As Baileys Prize shortlisted author Emma Donoghue's new novel, Frog Music, is inspired by historical events, #ELLEBookClub picks the best historical fiction
After Jenny Bonnet is shot through the window of a railroad saloon, burlesque dancer and sometime prostitute Blanche Beunon takes it upon herself to bring her friends murder to justice. Blanche pieces together Jennys sordid tale while desperately attempting to survive in the underbelly of society. Frog Music, based on real events, places this intricate whodunit within a snapshot of post-gold rush San Francisco.
Set in the legendary 1893 Chicago Worlds Fair, this chilling book presents two interlinking tales; that of the architect Daniel Burnham, and the murderer who haunted the fair, Dr. Henry H. Holmes, who lured fairgoers to their deaths in his sadistic but ingenious Worlds Fair Hotel.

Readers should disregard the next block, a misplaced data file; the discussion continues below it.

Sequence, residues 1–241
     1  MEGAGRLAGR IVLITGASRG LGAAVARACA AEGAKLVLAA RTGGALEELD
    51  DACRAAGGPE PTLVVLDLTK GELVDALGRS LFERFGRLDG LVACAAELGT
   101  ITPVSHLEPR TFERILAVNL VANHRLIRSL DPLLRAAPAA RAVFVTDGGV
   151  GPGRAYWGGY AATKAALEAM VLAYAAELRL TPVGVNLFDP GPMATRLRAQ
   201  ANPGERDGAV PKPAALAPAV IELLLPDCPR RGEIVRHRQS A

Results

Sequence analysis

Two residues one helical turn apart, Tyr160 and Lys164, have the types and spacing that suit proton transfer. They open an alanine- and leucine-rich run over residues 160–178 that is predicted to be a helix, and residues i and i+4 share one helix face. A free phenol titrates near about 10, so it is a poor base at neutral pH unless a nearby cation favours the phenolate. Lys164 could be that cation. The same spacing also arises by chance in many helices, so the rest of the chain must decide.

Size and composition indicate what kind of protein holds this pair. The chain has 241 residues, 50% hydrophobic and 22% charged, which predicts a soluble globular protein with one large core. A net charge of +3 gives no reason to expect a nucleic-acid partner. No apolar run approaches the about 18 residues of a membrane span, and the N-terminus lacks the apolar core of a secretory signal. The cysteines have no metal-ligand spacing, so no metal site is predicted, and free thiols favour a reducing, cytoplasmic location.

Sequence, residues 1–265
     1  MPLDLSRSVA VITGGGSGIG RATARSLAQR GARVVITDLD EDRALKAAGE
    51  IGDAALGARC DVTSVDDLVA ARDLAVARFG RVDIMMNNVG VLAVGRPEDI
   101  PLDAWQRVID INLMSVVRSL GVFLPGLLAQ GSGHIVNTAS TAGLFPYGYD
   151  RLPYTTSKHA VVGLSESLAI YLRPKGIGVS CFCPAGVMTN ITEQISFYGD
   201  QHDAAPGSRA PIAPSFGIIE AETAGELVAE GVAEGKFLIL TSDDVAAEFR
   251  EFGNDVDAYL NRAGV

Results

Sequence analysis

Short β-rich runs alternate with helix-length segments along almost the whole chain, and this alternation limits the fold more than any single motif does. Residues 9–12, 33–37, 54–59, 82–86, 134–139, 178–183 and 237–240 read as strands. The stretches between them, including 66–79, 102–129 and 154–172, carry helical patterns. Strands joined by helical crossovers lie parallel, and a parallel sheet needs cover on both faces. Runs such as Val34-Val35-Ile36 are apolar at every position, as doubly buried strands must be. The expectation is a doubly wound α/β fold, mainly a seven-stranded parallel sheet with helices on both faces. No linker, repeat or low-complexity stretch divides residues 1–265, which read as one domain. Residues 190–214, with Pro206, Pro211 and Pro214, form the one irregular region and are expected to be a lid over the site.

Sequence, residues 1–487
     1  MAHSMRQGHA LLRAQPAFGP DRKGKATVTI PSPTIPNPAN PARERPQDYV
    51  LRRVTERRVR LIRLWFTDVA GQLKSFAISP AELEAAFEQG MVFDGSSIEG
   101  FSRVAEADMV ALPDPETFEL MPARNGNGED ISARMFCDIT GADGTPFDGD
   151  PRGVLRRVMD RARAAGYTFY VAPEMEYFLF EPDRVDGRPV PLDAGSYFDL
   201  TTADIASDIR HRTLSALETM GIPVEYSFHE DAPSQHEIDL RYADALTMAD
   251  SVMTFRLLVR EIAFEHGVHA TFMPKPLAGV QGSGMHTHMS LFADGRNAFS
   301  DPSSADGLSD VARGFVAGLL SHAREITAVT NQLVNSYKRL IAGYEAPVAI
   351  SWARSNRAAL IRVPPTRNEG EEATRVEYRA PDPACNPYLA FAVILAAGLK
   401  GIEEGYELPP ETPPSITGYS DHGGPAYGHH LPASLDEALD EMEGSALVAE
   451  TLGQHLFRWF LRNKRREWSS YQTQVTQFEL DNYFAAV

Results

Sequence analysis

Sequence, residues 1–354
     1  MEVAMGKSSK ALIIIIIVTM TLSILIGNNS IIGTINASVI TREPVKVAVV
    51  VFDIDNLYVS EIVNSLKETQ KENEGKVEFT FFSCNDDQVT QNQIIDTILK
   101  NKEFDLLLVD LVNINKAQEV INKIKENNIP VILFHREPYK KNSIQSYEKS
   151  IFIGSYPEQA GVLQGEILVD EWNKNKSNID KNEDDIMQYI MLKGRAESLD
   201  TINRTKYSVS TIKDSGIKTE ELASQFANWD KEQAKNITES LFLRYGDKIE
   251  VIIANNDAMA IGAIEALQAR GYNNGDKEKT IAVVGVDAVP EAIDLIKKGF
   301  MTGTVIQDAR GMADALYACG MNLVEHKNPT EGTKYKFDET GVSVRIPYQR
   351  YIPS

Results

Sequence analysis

In the summer of 1889, Florence Marbricks trial for the alleged murder of her elderly husband worked the British public into a frenzy. Delving deep into a case heaped with circumstantial evidence and distorted notions of Victorian respectability, Historian Colquhoun opens up this controversy, and questions the legitimacy of Florences conviction.
In the tense religious minefield of Restoration England, 14-year-old Lady Bette is forced to marry degenerate Thomas Thynn, a man three times her age and a key player in the Protestant rebellion. After Thynn is gunned down by three unknown assassins, the story explores political and spiritual complexities of the period.
One year after the New York police fail to find the killer of beautiful tobacco store clerk, Mary Rogers, whose body was found mutilated in the Hudson River, the near-destitute author Edgar Allen Poe sets out to dig up the famously unsolved case, and turn his fortunes around by reconstructing it as a fictionalised, serialised detective mystery. The Beautiful Cigar Girl uncovers the fate of Mary Rogers whilst presenting a vivid portrait of Poes literary genius. And it's really, really good.